I have been feeling really sad that this old soldier has gone. But as I lay in bed last night a strange thing happened. The full moon was in the eastern sky, hovering above the Warrumbungles and the dark plains with clouds obscuring much of it. Then suddenly one narrow moonbeam broke free and travelled through the sky, through the big window of our bedroom across the room and came to rest on my face. There is stayed for several minutes, just a narrow beam of bright light in the darkness, shining on my face. I was spellbound and could gaze along it right to the face of the moon.

The Aaronic Blessing ran through my mind:

The Lord Bless you and keep you
The Lord make his face to shine upon you
And be gracious unto to you
The Lord lift up his countenance upon you
And give you peace.

Never have I felt such peace or felt so close to those that have gone as when that moonbeam shone upon me. Such experience I have never had before. Ian was amazed as it lit up my face in the darkness.

It was for me a message from that old soldier and from God. It was a message that gave me peace.

Of course the non believers here will laugh at such a notion. But that is OK.

ethereal albatross that none dares shoot or scoff

Jenny, that was beautiful. We sceptical antiwar scrutinisers only scoff at albatross. Not at moonbeams enlightening. Many things can be enlightening and sometimes just the most important things are revealed.

Usually it is only the albatross that flies along the moonbeams and the poor hens miss the whole thing stuck in the coop. Now watch out, Jenny you are Albatross material and may be shot down by hydrophobic hallucinators about to wear a curse.

Weird but I had the same experience as yours on a nearby face just after a special funeral.. It feels quite ethereal.


Wow.. Jen!

Beautiful ... Jen!

Such a wonderful uplifting and spiritual experience for you.  Certainly a message of comfort, and of hope and joy!  And  who cares what the non believers think, eh? (winks).

PS Will email you tomorrow. Have had a very busy week.

Cheers and God Bless my dear!

cowardice and courage

My great uncle, James Lee, was a conscientious objector during WWI up until he was sent white feathers by some imperial minded jingo in the small Hunter Valley coal mining town of Minmi.  He enlisted and was posted to a field ambulance subsequent to his ongoing refusal to be an active combatant. Decorated for valour.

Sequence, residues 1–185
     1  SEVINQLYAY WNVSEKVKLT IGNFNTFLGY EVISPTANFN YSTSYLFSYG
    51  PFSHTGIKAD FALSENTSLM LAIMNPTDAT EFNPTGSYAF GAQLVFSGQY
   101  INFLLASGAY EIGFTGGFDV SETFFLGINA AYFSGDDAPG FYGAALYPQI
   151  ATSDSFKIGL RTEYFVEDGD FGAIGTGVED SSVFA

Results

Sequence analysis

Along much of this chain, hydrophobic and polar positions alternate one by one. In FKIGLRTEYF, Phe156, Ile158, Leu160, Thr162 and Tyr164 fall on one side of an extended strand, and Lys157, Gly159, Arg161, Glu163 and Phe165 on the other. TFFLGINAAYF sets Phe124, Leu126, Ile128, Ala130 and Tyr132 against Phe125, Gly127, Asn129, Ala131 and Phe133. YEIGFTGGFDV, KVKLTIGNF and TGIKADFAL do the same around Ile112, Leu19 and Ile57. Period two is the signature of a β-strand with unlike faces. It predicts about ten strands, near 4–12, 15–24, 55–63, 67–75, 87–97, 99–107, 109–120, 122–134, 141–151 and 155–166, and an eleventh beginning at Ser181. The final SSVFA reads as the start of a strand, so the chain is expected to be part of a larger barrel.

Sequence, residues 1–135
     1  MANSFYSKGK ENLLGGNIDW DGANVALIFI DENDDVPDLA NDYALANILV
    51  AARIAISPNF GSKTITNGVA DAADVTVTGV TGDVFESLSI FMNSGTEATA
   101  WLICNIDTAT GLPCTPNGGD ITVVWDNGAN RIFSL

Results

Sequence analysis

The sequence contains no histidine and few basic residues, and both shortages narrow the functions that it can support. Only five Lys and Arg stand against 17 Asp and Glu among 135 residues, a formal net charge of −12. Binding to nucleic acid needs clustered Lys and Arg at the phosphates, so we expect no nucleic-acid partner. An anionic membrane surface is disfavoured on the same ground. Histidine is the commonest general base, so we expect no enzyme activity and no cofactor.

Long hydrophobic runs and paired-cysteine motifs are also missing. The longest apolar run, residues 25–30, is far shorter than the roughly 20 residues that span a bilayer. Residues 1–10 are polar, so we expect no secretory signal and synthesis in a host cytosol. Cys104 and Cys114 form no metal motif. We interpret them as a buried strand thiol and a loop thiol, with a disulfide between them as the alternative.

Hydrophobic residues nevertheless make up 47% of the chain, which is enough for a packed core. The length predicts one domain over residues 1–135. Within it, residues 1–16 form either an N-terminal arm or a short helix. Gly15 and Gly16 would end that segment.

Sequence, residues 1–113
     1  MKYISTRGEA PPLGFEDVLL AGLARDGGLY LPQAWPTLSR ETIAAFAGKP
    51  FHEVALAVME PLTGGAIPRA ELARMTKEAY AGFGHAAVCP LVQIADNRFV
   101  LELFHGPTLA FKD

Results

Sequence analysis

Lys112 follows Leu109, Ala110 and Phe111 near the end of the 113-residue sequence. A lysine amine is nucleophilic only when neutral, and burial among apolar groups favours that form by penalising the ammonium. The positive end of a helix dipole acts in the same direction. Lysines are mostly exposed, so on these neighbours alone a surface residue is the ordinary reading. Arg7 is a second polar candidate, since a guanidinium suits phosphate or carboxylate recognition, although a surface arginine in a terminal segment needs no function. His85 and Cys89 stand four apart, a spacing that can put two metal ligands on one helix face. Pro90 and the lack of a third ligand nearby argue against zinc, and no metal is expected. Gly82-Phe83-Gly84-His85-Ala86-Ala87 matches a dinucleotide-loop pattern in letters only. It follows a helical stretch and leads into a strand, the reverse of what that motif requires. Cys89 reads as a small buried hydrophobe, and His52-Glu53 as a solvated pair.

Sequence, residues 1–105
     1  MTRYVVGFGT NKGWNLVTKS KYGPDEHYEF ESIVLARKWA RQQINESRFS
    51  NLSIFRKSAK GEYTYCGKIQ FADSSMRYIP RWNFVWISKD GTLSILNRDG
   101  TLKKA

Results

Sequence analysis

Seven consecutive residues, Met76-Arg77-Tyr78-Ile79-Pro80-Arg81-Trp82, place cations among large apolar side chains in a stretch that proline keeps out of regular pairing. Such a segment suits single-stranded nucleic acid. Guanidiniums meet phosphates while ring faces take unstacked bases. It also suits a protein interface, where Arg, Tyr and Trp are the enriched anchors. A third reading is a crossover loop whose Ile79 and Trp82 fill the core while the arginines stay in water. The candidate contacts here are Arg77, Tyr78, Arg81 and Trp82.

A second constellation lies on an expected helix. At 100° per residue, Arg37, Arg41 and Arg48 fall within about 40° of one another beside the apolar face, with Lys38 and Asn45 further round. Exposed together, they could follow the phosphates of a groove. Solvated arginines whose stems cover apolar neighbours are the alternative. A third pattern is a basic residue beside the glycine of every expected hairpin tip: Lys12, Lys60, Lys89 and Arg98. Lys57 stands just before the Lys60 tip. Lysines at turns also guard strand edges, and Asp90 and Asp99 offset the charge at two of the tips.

Last weekend my daughter, a secondary school student, laid a wreathe at the Martin Place Cenotaph.  To my very great delight, having done her own reading and research, she is also now of the mind that the old WWI slogan needs no embellishment:

"A bayonet is a weapon with a member of the working class on either end".

 I remember and honour all those in WWI, WWII, the VietNam and other wars, who had the courage to say 'no' to war, killing, violence.


Free to honour them

You can have freedom and be able to express your views, or you can have oppression and enforced silence. Those who are never prepared to fight for their freedom must be prepared to be victims of oppression. And oppression is just another word for violence. Not to oppose and fight those who would threaten our freedom and seek to oppress and violate us or our families is not courage in my opinion.

I honour those who stood up and fought and died that we and millions of others in Europe might  live in freedom.

I am not talking about Vietnam here or Iraq. I am talking about WW1 and WW2. Our freedom to express our views here today is predicated on the blood of those who chose to fight the Germans and the Japanese. Simple as that.

And we all know how the Germans and the Japanese treated workers they conscripted once they had crushed all opposition in the countries they overran.

Give me a bayonet any day rather than ask me to be a worker under such as them. Some fates are worse than death.

Better late than never.

Just now read your post Jenny. Sorry, I somehow missed it  with all this Howard, Rudd stuff going down.

A beautiful, poignant story dear Jen.

And you are most certainly right...

"It is never too late to remember."

Kathy - politics and school days

Just to say Hi, and I agree all this political stuff is drowning us all. I am avoiding it all in the interest of my sanity and stress levels, the latter being off the scale right now.

But this past weekend we had a lovely school reunion for our 50th. I did not think I would be able to do it, but I battled through and am glad I did. The girls had a wonderful time and one of our teachers from 1955 came, and believe it or not is still doing some relief teaching. She has taught for over sixty years now. She was such a gifted teacher and it gave us the chance to let her know what a wonderful contribution she had made to our education all those years ago. And we had been able to get the 1950s 78 record found in a junk shop onto DVD, the school choir singing the School Song all those years ago and on the reverse side the most beautiful song, A Little Place of Rest. I had never heard it before but it is just haunting, with the sweet voices of those school girls from the distant past. I gave all the girls a copy.